For Amnesty International Freedom of expression award winners ‘Common Wealth’, the international gun crime epidemic is not something to be passively interested in only when depressing news breaks from other parts of the world; it’s a problem which demands continuous, concentrated, observation. The type of observation that, perhaps, would support our understanding of the considerable part the UK, rarely reported for its arms involvement, plays in adding to the world epidemic.
Bold and brave, ‘I have met’ sets out to strengthen our understandings of the UK’s deep-rooted connections with supporting, and funding, internal arms dealings. Staged using a variety of characters (including a former British solider and a Palestinian citizen) and set on an inclusive stage show, the play attempts to step outside of a direct, and brutal, style of informing it’s audience; instead choosing to draw attention to the human impact of trade through character story telling. Strong characters, and an interesting script, were central to the creation of the show, something co-director Rhiannon White is keen to draw attention to; “What I love about this show is that against the backdrop of the arms trade we get to meet real people whose lives have been impacted by how the arms trade operates. The show is deeply emotional, personal and told by three incredible performers. It’s about being human as much as it is about the arms trade.”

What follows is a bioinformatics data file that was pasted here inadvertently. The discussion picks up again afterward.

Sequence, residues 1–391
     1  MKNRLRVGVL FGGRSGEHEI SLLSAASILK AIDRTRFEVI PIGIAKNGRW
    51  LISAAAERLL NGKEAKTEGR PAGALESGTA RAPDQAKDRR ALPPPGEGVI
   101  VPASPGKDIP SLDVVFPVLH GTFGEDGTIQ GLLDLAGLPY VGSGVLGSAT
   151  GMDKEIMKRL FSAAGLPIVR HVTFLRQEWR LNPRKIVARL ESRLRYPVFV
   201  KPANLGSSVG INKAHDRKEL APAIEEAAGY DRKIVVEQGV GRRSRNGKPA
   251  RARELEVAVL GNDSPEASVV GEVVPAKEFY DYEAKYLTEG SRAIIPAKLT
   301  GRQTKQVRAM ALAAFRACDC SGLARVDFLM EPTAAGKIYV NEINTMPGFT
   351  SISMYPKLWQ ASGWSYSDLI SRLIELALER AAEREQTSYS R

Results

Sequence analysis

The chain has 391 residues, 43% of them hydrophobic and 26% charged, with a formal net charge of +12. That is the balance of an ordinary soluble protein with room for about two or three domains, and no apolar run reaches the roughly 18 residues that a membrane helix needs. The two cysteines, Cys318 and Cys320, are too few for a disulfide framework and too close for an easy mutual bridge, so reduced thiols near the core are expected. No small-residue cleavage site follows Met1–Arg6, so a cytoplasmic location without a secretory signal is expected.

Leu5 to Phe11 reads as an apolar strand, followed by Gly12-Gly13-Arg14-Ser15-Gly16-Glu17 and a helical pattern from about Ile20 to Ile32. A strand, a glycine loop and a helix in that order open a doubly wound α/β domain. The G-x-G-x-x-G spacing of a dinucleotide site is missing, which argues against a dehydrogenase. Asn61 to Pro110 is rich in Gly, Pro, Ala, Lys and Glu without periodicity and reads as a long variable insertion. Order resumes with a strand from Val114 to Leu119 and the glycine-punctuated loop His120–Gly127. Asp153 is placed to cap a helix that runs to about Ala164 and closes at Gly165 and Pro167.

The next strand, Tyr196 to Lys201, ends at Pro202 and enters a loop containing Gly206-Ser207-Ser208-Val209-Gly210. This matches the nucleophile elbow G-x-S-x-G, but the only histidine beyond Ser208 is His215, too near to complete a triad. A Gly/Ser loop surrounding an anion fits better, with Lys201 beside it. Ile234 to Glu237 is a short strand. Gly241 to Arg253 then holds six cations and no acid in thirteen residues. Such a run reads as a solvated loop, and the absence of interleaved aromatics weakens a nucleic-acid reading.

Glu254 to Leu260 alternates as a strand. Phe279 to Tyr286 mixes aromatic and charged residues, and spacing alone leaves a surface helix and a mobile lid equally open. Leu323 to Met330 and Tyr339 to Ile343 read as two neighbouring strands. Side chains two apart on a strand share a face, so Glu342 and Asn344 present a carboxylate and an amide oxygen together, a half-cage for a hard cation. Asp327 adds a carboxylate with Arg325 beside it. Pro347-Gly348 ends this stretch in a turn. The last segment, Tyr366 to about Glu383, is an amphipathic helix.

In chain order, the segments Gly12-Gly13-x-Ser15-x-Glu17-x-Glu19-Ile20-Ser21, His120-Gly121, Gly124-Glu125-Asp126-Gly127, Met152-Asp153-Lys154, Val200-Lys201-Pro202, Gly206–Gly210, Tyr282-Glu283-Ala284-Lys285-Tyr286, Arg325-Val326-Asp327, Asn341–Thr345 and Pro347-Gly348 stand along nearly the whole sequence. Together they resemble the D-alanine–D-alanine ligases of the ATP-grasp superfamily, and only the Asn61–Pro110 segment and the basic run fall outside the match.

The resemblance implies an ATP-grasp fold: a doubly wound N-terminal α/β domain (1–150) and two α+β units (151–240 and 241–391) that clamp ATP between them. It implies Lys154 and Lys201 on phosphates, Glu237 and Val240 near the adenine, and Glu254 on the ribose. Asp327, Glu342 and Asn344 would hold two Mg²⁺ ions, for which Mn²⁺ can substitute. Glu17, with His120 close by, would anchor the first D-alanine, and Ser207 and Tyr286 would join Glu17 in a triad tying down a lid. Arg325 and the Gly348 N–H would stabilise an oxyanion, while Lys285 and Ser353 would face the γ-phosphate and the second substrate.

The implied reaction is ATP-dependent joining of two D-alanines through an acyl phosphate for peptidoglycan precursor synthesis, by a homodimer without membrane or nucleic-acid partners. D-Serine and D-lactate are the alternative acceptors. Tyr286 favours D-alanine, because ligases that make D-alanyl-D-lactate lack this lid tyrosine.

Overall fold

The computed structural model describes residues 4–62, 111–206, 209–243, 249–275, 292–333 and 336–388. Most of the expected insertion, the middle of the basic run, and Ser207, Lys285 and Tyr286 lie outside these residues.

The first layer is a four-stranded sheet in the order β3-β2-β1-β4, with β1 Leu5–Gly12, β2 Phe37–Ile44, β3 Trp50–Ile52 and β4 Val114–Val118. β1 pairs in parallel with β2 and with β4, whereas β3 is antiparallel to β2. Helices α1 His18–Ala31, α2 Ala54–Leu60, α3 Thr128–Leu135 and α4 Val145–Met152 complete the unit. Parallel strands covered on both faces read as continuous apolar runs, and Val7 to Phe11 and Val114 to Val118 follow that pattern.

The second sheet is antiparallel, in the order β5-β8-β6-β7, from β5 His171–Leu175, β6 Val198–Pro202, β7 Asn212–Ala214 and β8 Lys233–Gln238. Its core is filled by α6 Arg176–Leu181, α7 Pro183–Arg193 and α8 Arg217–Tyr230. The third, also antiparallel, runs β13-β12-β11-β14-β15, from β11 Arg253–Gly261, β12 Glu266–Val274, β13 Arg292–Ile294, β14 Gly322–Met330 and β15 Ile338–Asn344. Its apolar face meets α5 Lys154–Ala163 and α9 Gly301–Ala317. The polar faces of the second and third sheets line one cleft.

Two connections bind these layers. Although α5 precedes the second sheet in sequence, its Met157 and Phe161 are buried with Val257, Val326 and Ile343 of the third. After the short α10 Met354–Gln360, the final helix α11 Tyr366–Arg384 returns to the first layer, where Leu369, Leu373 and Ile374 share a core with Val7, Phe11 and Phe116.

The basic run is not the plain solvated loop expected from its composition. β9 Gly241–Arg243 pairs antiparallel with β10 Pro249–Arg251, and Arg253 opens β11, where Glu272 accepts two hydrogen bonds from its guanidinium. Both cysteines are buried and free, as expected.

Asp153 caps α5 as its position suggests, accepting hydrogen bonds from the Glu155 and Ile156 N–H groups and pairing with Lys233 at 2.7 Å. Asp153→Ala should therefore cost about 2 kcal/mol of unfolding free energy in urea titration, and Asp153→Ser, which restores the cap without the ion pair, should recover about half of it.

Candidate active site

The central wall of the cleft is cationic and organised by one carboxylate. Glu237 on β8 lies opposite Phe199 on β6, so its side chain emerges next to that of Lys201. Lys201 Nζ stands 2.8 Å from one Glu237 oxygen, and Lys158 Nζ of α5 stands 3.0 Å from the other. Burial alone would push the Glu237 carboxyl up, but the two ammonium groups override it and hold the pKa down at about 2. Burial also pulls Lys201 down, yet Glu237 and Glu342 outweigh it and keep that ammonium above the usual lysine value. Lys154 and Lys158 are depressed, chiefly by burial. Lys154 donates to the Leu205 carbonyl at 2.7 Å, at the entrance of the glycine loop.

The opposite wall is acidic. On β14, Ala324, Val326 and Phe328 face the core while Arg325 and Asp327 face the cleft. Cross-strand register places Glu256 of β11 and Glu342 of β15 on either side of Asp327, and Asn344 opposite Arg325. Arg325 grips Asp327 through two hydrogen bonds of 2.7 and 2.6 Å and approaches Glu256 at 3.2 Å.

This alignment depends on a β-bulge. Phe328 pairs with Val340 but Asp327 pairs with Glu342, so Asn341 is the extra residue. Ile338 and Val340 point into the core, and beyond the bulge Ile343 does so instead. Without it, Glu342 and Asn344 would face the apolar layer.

A hard-hitting documentation of the UK’s involvement in the international arms trade, it’s clear that ‘I have’ seeks to inform, rather than lecture, it’s audience about certain, often unreported, realities. Yet for all of it’s informative nature, no background knowledge is required for the show, only a curious mind, something White is clear to let us know “you don’t need to know anything about the arms trade, but what we do ask is you come with an open mind and dip into the worlds we’re creating for you. whilst highlighting our complicity, as UK citizens in the arms trade. Can you believe we’re the second-largest arms dealer in the world?”
Multifaceted in its intentions, and aside from informing, ‘I have’ seeks to impact it’s audience in a number of ways, including, as White confirms “The power of connection, how we need to listen and understand each other better, as well as how music can help us express and lose ourselves and find each other again.”
Given it’s world premier at the Byker Community Centre, and delivered by a cast including a former British soldier and a Palestinian citizen, ‘I have’ is designed as a conversation starter, rather than an exclamation point. As White herself concludes with “Now we know that arms are being made at the end of our streets, what happens next?”. Big questions indeed.